Parishioner leaves a legacy of service, faith and perseverance
Friday, Aug. 07, 2015
MIDVALE — Humble, hard-working, always happy and willing to help: Saint Therese of the Child Jesus parishioner Saul Morales left a legacy of faith.
On July 5 at 9:45 p.m. Morales drew his last breath; he had started chemotherapy a year before due to stomach cancer, but the disease put him in a coma before his death.
At St. Therese of Child Jesus Parish, Morales was an usher, a catechist and a lector. He also started a youth soccer league.
“As a parishioner and as a friend, he was a great human being,” said Nestor Lozano, also a St. Therese parishioner.
Born and raised in Durango, Mexico, Morales moved to the United States more than 20 years ago. He and his wife, Margarita, had two children.
Margarita Morales said her husband’s death has been hard, but she and her family made a promise to follow in his footsteps.
“He had God always present. … He never complained, and he taught us to never give up and to always be positive and never ever lose faith in God,” she said.
That feeling was shared by many who were present at his funeral Mass, during which Father Joseph Frez, the parish pastor, expressed his gratitude for Morales’ life.
“The fact that all of you are here to celebrate his life and remember him, talks a lot of all of what he has done. We know he is a man of God that shared a lot of good during his time with us,” Fr. Frez said.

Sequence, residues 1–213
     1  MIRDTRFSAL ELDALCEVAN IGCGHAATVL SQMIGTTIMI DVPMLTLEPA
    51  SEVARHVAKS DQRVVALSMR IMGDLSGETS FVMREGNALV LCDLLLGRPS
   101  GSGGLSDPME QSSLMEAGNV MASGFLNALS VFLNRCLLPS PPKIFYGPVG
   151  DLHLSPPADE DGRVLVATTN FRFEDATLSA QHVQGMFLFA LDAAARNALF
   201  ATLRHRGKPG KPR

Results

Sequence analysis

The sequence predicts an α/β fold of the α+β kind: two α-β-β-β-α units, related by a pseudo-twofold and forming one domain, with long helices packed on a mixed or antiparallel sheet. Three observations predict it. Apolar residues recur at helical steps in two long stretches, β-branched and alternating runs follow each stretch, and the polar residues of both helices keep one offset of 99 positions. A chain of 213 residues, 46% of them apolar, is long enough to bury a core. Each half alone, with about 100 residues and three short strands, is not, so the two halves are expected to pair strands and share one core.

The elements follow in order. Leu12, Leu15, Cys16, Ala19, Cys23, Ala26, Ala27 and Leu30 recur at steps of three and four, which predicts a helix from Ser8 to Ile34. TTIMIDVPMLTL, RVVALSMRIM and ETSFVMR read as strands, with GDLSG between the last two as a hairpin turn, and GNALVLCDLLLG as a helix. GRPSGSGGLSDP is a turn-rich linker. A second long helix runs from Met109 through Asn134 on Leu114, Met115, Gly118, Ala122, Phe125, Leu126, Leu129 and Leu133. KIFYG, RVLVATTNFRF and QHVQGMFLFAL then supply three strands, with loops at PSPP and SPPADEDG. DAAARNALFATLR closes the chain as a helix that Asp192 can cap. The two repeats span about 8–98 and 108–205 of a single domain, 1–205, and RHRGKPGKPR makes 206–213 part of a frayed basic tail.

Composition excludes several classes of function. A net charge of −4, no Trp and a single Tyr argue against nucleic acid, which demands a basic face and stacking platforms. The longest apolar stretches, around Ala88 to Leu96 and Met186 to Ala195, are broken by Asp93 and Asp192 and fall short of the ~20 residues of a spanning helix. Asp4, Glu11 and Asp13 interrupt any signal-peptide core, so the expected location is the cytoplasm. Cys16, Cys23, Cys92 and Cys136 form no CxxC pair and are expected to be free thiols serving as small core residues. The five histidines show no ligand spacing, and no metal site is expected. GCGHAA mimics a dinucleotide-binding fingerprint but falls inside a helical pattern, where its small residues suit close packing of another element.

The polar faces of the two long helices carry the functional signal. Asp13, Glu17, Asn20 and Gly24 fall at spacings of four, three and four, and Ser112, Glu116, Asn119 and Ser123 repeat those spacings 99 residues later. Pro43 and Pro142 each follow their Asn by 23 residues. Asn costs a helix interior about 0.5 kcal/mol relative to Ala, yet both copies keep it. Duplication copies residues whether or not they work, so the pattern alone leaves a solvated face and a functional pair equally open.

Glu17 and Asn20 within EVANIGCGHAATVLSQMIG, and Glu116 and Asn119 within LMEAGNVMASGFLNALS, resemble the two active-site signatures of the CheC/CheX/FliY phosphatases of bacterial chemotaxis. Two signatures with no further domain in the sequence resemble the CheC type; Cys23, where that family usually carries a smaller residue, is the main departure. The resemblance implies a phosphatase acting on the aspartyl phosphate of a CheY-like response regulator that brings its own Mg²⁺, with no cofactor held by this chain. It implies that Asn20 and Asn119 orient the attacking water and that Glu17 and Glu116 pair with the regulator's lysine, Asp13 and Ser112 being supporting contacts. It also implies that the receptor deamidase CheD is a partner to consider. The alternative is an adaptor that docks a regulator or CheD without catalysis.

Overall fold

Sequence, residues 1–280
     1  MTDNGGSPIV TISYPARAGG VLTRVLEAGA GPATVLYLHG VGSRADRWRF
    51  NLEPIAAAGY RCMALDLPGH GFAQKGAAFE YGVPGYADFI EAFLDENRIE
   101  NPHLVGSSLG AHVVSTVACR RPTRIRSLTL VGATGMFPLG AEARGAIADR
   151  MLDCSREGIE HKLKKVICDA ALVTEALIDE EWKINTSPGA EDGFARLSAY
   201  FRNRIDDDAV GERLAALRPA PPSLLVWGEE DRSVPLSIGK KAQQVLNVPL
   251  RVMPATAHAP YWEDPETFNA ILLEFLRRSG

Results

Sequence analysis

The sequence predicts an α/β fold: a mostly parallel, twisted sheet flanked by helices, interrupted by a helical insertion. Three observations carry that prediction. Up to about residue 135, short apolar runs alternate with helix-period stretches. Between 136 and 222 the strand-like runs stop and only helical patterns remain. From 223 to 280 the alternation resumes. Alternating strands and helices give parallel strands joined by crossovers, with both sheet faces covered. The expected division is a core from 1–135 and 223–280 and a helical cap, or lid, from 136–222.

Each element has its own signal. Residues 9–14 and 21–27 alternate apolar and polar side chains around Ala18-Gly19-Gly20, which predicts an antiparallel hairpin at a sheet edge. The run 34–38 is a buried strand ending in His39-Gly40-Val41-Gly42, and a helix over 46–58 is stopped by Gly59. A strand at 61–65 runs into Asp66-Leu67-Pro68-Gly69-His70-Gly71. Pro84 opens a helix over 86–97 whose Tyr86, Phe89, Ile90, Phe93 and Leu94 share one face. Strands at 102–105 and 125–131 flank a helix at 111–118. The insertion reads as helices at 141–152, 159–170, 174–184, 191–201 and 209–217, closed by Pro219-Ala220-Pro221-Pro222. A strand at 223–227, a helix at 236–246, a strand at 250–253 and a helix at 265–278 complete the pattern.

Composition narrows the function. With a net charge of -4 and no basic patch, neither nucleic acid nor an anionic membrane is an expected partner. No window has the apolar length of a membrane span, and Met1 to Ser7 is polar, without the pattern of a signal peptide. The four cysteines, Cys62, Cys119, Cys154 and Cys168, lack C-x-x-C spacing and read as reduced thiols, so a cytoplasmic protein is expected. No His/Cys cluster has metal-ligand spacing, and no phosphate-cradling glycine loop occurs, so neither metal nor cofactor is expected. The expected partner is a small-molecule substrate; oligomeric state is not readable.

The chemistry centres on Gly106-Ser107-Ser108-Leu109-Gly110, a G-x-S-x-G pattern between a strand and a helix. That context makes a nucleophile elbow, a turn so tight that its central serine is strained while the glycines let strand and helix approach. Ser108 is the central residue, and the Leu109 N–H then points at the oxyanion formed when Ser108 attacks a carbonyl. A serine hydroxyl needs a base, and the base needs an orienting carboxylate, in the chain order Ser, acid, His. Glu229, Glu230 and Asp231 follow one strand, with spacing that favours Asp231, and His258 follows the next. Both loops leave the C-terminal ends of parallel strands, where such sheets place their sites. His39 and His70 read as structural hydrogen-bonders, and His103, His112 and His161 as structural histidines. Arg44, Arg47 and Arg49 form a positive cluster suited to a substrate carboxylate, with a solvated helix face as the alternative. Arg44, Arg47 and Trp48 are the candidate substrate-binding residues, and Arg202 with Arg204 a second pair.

When Morales was diagnosed with stomach cancer, the doctors told him that there was nothing they could do.
“But he never gave up. … He always responded that his life was in God’s hands, so he kept on going to chemotherapy,” said Margarita Morales.
Despite expecting to lose his hair and being very tired, Morales never stopped serving and tending to the parish; he also had all his hair until his last day.
“He was always strong. When we were at the parish, even when he was very, very sick, people asked him how he was doing, and his answer always was that he was great, that he was getting better; always smiling until we were alone and the tears started coming out of his eyes from the pain that he suffered,” said Margarita Morales.
Lozano added that Morales was always sharing and interested in helping in whatever capacity he could.
“He deserved all my admiration. He was full of talents that he always shared with everyone; his love and care for the wellbeing of our youth was contagious. … He was very noble and always open to find solutions and to give a hand,” said Lozano.